Don't Overpay for Security Theater

Bloomberg: China's $5 Trillion Opportunity
Most metal detectors in China share a curious trait: The alarm goes off no matter what. You can have emptied your pocket of every last coin, and the thing still sounds. Then there are usually two young women waiting to screen you with hand-held detectors that do seem to work.

After several experiences with this procedure, I developed a theory that the useless metal detectors were part of a vast job-preservation scheme, an indication of the Chinese government’s unwillingness to countenance job losses in the service of efficiency.

Then I caught a flight at the Beijing airport’s newish Terminal 3. I emptied my pockets as instructed before walking through the detector, and the alarm didn’t go off. There was only one young woman waiting on the other side with a hand-held detector, and she briskly waved me through.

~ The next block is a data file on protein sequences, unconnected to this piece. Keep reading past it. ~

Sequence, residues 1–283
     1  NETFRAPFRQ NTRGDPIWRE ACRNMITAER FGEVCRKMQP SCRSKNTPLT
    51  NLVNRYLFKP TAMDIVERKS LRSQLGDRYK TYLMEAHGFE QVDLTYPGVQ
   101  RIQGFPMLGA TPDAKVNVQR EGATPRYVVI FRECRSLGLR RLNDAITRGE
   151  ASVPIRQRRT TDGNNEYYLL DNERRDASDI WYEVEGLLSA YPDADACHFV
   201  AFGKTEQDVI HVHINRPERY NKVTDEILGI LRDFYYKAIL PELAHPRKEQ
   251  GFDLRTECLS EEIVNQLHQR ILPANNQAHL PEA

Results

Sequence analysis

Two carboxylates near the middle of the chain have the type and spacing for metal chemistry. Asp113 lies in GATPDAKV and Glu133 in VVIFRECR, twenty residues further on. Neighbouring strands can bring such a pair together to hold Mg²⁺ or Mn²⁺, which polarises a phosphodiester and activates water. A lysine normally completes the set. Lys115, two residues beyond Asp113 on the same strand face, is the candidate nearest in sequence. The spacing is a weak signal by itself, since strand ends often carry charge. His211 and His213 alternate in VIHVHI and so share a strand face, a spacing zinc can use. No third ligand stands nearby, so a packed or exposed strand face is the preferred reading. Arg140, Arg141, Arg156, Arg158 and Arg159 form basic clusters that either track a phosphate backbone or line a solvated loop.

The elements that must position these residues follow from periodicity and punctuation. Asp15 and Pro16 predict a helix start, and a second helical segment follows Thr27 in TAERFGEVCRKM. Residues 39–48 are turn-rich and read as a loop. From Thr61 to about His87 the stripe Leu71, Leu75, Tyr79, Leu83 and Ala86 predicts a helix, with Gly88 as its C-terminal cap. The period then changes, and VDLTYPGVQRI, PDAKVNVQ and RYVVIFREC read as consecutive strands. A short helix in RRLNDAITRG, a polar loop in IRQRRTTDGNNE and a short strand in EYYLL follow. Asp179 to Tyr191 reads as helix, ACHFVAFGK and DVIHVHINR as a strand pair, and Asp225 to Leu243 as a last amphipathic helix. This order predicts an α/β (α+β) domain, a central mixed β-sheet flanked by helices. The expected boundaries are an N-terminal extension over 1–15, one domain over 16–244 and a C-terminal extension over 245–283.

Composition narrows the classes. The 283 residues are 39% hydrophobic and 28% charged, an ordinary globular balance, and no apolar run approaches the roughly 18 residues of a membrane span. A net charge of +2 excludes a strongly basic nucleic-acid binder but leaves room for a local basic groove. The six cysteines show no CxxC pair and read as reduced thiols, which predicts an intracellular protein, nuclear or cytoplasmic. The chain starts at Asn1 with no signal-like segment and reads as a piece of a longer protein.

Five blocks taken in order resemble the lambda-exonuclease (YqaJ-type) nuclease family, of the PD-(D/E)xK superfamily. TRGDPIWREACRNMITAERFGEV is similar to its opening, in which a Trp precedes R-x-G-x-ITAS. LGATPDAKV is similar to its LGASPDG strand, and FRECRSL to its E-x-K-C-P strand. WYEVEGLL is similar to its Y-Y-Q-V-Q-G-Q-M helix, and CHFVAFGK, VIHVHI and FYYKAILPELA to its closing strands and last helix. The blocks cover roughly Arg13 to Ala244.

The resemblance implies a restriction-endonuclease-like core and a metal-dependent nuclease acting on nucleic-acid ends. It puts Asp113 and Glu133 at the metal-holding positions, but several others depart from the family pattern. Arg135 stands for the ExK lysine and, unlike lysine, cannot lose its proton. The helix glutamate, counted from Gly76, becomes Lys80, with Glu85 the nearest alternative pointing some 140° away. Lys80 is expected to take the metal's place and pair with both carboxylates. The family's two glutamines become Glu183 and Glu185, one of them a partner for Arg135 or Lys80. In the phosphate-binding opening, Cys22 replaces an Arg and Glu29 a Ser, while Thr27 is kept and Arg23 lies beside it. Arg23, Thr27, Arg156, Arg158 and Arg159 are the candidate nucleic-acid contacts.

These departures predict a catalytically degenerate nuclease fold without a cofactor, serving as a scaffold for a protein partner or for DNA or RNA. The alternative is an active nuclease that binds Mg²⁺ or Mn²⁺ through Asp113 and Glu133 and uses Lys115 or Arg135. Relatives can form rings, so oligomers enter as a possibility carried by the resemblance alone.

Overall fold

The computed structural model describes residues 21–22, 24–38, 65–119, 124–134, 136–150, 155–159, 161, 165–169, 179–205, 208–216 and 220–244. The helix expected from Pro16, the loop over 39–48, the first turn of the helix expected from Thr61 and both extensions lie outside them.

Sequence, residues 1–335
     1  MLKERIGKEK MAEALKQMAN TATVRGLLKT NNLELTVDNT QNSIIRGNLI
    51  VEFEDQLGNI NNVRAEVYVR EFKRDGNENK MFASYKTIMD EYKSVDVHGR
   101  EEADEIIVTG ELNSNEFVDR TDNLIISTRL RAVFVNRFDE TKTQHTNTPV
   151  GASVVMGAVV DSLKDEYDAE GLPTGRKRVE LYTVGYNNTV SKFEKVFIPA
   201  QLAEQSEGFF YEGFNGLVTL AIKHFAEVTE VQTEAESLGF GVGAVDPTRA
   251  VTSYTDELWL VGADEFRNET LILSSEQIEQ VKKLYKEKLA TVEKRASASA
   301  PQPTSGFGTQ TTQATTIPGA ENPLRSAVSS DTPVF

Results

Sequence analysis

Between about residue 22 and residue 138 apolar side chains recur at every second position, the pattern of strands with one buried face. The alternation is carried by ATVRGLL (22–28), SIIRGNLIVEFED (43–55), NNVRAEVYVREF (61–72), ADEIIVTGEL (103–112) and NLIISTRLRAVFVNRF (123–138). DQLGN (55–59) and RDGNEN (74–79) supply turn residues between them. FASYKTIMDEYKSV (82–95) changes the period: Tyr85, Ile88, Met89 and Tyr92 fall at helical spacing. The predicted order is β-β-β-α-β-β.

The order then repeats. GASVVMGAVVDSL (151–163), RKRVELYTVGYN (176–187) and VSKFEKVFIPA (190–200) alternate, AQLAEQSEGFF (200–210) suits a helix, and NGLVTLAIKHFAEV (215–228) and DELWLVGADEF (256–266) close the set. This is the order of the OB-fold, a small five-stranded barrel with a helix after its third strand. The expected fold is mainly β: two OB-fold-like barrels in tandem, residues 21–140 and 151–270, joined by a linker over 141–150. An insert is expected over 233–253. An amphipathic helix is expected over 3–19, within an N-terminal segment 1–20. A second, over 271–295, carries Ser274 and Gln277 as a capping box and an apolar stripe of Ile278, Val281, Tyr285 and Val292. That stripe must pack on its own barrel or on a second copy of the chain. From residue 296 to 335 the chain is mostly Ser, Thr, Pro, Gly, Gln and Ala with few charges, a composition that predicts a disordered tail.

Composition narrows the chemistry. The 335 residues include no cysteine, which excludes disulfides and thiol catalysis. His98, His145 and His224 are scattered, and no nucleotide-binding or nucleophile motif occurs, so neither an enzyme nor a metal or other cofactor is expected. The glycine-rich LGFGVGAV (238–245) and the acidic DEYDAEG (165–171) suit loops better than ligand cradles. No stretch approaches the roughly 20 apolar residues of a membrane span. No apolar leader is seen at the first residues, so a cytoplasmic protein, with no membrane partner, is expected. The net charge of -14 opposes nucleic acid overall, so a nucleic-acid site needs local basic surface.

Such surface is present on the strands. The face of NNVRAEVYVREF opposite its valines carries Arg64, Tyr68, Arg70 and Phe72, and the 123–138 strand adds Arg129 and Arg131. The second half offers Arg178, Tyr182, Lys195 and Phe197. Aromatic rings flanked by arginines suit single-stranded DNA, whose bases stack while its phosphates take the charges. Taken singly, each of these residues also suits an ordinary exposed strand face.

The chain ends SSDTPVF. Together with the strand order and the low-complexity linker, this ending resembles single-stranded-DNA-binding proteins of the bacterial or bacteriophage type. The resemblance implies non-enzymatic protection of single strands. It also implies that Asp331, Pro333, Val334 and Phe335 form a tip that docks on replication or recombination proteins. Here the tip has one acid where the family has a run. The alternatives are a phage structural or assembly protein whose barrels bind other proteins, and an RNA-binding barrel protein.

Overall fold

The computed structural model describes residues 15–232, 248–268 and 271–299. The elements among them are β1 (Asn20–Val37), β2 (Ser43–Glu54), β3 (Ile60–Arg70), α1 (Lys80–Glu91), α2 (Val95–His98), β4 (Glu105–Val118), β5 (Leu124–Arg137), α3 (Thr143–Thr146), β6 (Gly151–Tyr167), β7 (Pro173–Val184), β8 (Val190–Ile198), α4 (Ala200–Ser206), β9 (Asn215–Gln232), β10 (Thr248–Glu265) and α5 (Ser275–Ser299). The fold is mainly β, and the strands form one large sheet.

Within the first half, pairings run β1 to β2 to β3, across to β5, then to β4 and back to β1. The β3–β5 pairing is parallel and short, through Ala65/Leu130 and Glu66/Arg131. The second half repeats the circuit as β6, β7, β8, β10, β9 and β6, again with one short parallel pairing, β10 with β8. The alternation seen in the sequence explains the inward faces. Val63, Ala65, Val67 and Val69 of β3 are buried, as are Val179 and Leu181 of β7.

So perhaps there isn’t a vast job-preservation scheme. Maybe it’s just that they used to make really bad metal detectors here, and now they’ve gotten better.

I’ll take that as a sign that China might be able to take advantage of what the McKinsey Global Institute is calling its “$5 Trillion Productivity Opportunity.” China’s labor productivity -- output per hour worked -- is at 15 percent to 30 percent of the average for countries in the Organization for Economic Cooperation and Development (aka the club of rich nations).
Using fake machines and low wage unskilled workers to create security theater is a way of increasing the productivity of the society. It's cheaper to do away with security, or combat it with targeted efforts. The U.S. is the worst example, subjecting everyone to extensive security checks.

As for the larger productivity story, China has room to grow by removing government influence, but that effort has been very slow going.

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